|Publication number||US7743244 B2|
|Application number||US 11/590,025|
|Publication date||22 Jun 2010|
|Filing date||31 Oct 2006|
|Priority date||31 Oct 2006|
|Also published as||US20080104389|
|Publication number||11590025, 590025, US 7743244 B2, US 7743244B2, US-B2-7743244, US7743244 B2, US7743244B2|
|Inventors||Jon Duane Warden, Zengfa Gao, Wade J. Satterfield, Michael R. Stabnow, Todd M. Spencer|
|Original Assignee||Hewlett-Packard Development Company, L.P.|
|Export Citation||BiBTeX, EndNote, RefMan|
|Patent Citations (27), Referenced by (1), Classifications (10), Legal Events (3)|
|External Links: USPTO, USPTO Assignment, Espacenet|
Herein, related art may be discussed to put the invention in context. Related art labeled “prior art” is admitted prior art; related art not labeled “prior art” is not admitted prior art.
In data centers, computer systems are often reconfigured to expand capabilities or more effectively utilize existing resources. The performance, utilization, or other metric resulting from a proposed reconfiguration can be estimated by modeling the proposed reconfiguration and its operation. The model for the reconfiguration is typically reached by modifying a model of an actual configuration. However, the process of reconfiguring and evaluating models may extend over days, weeks, or months. In the meantime, some actual reconfigurations may have taken place, either due to an unplanned failure or some upgrade or modification that is not coordinated with the main reconfiguration planning processor. In that case, the reconfiguration process may have to be restarted from the new actual configuration. The present invention addresses this and other problems as is apparent from the description below with reference to the following drawings.
The following drawings are of embodiments of the invention and not of the invention itself. In the Figures, a dot-dash style border indicates a graphical representation generated in accordance with an embodiment of the present invention.
The present invention provides for recording an original series of changes made to an original model of a computer system in an original configuration. If, in the meantime, the computer system assumes a revised configuration, a model generator generates a resultant model corresponding to the computer system in a potential resultant configuration corresponding to the revised configuration with the series of changes applied. If the series of changes is inconsistent with the revised configuration, the series can be revised before being applied to the revised configuration.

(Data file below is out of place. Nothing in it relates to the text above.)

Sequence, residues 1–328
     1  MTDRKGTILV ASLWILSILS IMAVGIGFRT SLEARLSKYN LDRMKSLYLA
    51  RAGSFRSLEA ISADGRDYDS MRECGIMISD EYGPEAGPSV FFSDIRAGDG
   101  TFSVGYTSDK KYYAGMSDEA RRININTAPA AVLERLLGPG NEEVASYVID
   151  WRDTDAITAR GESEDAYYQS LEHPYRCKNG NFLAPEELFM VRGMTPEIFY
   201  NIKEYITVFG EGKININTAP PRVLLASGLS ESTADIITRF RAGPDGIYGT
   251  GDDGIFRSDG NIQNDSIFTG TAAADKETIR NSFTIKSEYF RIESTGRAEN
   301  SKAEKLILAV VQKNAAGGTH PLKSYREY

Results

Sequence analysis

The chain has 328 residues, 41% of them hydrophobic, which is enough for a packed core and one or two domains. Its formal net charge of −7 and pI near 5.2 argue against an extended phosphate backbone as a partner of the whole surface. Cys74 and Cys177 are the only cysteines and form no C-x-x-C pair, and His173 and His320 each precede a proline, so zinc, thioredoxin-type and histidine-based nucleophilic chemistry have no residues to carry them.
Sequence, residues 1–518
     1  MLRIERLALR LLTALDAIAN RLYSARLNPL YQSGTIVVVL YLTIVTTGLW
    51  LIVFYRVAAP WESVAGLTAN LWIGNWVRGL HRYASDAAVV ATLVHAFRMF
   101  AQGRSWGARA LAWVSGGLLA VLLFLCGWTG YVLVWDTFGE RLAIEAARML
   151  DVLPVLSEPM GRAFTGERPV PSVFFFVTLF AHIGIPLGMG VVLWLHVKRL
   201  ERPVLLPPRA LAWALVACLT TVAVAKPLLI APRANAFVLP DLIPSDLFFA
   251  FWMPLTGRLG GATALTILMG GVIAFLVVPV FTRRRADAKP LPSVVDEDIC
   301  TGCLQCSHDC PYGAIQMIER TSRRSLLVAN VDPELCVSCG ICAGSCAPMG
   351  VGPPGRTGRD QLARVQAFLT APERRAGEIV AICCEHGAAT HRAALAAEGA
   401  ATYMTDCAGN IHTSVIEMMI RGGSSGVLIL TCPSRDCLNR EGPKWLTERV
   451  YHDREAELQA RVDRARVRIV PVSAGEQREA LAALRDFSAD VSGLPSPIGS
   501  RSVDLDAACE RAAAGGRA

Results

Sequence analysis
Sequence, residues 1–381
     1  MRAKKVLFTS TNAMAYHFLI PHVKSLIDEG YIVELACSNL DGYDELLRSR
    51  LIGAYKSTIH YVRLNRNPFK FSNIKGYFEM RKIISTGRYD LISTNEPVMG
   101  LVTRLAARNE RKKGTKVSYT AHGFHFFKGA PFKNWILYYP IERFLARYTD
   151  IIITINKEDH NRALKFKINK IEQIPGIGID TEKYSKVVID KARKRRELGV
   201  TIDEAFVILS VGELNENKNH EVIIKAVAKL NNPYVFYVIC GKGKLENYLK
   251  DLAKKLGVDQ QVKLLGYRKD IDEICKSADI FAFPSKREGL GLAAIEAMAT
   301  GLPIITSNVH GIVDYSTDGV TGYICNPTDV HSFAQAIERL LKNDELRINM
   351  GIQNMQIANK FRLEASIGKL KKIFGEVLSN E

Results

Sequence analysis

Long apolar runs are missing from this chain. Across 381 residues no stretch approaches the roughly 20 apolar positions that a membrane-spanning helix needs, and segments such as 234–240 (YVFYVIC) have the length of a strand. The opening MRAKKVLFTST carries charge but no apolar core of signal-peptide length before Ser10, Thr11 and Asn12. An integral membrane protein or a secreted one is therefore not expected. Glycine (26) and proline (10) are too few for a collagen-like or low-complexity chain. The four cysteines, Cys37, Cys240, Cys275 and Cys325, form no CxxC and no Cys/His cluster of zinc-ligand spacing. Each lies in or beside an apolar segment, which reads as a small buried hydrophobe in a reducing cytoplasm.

A management computer system AP1, shown in
Media 13 stores software components including a graphic user interface P1, a configuration tracker P2, a configuration controller P3, a model generator P4, a simulator P5, and a model change recorder P6. Model generator P4 generates models of data center 20, including models M1, M2, M3, and M4. Recorder P6 records series of changes to the models, including change series CH1 and CH2. Collectively, these software components implement a program and method ME1, represented in
Method ME1 starts with a computer system, e.g., data center 20, in an original configuration, at method segment MS0. An original model M1 of data center 20 in its original configuration is generated at method segment MS1. At method segment MS2, the original model is changed, e.g., by user 17 using computer input devices such as a mouse and keyboard, to define a revised model M2. Model change recorder P6 records this original series of changes at method segment MS3 so as to generate recorded series of changes CH1.
Configuration tracker P2 detects a revised configuration of data center 20, at method segment MS4. In the illustrated embodiment, the actual system configuration is checked periodically. In alternative embodiments, the detection can be in response to a user action, e.g., either in response to a request to check the system configuration or in response to a user request to generate a new model.
At method segment MS5, model generator P4 determines whether or not the current actual system configuration is consistent with the recorded series of model changes CH1. If the actual configuration has changed since first model M1 was generated, the original series of changes applied to first model M1 may or may not be consistent with the revised configuration. For example, a change involving adding memory to a server that has failed in the interim is inconsistent with the revised configuration including the failed server. If it is inconsistent with the revised configuration, the stored series of changes CH1 can be revised to yield a revised series of changes CH2 at method segment MS6.